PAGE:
Expansion of HCV treatment access to people who have injected drugs through effective translation of research into public health policy

Scotland's experience

Sharon J Hutchinson (Lead / Corresponding author), John F Dillon, Ray Fox, Scott A McDonald, Hamish A Innes, Amanda Weir, Allan McLeod, Esther J Aspinall, Norah E Palmateer, Avril Taylor, Alison Munro, Heather Valerio, Gareth Brown, David J Goldberg

    Research output: Contribution to journalArticle

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    Abstract

    Seven years have elapsed since the Scottish Government launched its Hepatitis C Action Plan - a Plan to improve services to prevent transmission of infection, particularly among people who inject drugs (PWID), identify those infected and ensure those infected receive optimal treatment. The Plan was underpinned by industrial scale funding (around £100 million, in addition to the general NHS funding, will have been invested by 2015), and a web of accountable national and local multi-disciplinary multi-agency networks responsible for the planning, development and delivery of services. Initiatives ranged from the introduction of testing in specialist drug services through finger-prick blood sampling by non-clinical staff, to the setting of government targets to ensure rapid scale-up of antiviral therapy. The Plan was informed by comprehensive national monitoring systems, indicating the extent of the problem not just in terms of numbers infected, diagnosed and treated but also the more penetrative data on the number advancing to end-stage liver disease and death, and also through compelling modelling work demonstrating the potential beneficial impact of scaling-up therapy and the mounting cost of not acting. Achievements include around 50% increase in the proportion of the infected population diagnosed (38% to 55%); a sustained near two-and-a-half fold increase in the annual number of people initiated onto therapy (470 to 1050) with more pronounced increases among PWID (300 to 840) and prisoners (20 to 140); and reversing of an upward trend in the overall number of people living with chronic infection. The Action Plan has demonstrated that a Government-backed, coordinated and invested approach can transform services and rapidly improve the lives of thousands. Cited as "an impressive example of a national strategy" by the Global Commission on Drug Policy, the Scottish Plan has also provided fundamental insights of international relevance into the management of HCV among PWID.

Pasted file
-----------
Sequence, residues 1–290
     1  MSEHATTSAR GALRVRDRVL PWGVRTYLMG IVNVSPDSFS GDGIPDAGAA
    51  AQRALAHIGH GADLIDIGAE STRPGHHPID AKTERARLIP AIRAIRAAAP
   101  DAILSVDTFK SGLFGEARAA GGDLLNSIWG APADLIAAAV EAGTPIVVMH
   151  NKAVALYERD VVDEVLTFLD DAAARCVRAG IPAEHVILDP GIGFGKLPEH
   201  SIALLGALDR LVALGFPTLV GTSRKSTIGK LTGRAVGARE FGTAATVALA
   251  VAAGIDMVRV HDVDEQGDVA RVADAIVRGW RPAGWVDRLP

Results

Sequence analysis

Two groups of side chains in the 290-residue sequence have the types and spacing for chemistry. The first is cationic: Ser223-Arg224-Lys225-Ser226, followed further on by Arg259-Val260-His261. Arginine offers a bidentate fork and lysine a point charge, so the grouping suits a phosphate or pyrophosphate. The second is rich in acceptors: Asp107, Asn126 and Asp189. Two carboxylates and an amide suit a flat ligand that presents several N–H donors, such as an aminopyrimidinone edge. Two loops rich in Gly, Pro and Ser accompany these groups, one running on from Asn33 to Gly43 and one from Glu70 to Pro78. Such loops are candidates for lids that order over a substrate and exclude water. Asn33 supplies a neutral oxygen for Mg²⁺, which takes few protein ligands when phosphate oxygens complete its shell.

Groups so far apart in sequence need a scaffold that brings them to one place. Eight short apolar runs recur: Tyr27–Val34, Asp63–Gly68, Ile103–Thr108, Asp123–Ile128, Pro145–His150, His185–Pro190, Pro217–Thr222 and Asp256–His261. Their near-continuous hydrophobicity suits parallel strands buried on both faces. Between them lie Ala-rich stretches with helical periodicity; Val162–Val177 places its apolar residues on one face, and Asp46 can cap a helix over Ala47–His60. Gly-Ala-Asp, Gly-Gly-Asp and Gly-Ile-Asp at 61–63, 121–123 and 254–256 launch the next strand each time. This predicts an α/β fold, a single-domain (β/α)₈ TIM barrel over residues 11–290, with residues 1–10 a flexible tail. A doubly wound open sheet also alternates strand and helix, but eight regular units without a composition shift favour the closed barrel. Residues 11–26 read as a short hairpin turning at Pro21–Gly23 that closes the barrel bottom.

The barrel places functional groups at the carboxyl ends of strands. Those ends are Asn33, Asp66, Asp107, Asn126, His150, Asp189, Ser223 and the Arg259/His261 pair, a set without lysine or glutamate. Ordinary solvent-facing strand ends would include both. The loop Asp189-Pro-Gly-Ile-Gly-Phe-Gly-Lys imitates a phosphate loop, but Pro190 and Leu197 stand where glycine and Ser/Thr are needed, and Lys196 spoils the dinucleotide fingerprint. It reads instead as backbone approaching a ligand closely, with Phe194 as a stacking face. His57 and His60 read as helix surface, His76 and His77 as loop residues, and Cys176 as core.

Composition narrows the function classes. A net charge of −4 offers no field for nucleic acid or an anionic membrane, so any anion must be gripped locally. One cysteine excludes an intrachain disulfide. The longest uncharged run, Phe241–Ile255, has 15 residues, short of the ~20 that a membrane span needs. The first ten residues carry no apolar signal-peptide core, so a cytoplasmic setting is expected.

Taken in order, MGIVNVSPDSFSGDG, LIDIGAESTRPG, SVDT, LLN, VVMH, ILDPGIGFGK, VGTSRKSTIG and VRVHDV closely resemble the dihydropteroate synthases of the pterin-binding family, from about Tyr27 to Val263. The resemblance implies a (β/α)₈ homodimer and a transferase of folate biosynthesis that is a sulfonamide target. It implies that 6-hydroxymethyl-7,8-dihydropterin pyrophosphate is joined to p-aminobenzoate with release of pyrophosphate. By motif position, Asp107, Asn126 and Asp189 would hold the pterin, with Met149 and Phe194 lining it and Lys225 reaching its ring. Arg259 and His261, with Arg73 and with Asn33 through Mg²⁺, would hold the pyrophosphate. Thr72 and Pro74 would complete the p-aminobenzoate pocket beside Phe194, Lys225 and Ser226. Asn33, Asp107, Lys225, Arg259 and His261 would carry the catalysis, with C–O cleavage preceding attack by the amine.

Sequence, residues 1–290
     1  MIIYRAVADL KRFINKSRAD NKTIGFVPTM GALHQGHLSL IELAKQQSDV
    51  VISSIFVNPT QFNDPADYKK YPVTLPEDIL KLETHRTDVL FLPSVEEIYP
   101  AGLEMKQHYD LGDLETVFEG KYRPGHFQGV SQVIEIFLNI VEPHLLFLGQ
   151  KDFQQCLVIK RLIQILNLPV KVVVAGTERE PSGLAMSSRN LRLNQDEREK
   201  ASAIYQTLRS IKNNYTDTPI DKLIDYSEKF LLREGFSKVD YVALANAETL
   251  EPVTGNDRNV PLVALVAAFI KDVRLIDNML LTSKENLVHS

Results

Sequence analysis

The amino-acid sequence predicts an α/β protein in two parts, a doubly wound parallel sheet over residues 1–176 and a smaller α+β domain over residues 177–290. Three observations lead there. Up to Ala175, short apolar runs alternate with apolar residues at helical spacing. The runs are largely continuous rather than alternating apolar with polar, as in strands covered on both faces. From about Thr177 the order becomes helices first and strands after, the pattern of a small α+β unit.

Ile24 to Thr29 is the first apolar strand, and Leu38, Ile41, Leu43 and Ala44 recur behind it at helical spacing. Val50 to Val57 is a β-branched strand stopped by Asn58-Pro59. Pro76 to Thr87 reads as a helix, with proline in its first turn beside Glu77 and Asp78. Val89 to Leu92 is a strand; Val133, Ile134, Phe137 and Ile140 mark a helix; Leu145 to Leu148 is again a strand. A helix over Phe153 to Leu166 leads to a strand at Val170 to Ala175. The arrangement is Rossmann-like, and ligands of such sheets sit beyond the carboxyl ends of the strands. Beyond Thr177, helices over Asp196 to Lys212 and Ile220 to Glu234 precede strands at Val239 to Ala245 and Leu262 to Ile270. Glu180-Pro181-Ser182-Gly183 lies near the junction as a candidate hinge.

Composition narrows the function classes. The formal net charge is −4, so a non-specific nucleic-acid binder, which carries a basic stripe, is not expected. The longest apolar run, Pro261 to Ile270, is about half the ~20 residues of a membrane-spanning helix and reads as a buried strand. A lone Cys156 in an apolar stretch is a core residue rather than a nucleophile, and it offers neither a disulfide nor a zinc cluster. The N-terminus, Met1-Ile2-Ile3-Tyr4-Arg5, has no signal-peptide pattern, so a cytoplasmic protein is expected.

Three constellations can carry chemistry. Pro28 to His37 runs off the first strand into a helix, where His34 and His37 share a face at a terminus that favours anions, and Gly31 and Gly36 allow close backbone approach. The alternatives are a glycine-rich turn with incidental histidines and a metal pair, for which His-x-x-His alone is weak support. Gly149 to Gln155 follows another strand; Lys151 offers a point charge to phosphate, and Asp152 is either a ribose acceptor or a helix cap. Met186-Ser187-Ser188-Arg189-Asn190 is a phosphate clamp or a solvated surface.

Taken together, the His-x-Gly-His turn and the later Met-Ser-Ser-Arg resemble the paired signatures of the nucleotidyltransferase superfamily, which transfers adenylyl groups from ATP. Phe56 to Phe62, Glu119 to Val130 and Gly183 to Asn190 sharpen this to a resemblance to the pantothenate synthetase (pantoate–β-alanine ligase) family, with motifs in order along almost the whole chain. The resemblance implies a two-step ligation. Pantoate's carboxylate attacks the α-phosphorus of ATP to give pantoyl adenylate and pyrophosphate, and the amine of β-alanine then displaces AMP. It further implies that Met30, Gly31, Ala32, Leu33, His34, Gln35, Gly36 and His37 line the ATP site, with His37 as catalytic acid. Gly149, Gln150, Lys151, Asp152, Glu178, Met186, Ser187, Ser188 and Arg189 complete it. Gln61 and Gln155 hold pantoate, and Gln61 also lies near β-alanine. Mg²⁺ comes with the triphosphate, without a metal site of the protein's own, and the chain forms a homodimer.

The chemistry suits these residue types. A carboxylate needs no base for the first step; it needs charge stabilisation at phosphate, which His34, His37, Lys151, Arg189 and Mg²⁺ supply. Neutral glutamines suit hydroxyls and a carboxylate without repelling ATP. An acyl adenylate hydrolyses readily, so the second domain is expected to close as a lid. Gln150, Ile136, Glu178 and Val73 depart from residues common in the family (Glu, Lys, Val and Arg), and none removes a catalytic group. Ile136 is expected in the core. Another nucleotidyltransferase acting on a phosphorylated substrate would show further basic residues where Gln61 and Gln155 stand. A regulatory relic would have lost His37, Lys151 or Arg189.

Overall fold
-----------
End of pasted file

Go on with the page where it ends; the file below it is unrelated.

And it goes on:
Original languageEnglish
    Pages (from-to)1041-1049
    Number of pages9
    JournalInternational Journal of Drug Policy
    Volume26
    Issue number11
    Early online date6 Jun 2015
    DOIs
    Publication statusPublished - Nov 2015

    Fingerprint

    Scotland
    Public Policy
    Health Policy
    Public Health
    Research
    Pharmaceutical Preparations
    Prisoners
    End Stage Liver Disease
    Infectious Disease Transmission
    Therapeutics
    Hepatitis C
    Fingers
    Antiviral Agents
    Costs and Cost Analysis
    Infection
    Population

    Keywords

    • HCV
    • Public health policy
    • PWID

    Cite this

    Hutchinson, Sharon J ; Dillon, John F ; Fox, Ray ; McDonald, Scott A ; Innes, Hamish A ; Weir, Amanda ; McLeod, Allan ; Aspinall, Esther J ; Palmateer, Norah E ; Taylor, Avril ; Munro, Alison ; Valerio, Heather ; Brown, Gareth ; Goldberg, David J. / Expansion of HCV treatment access to people who have injected drugs through effective translation of research into public health policy : Scotland's experience. In: International Journal of Drug Policy. 2015 ; Vol. 26, No. 11. pp. 1041-1049.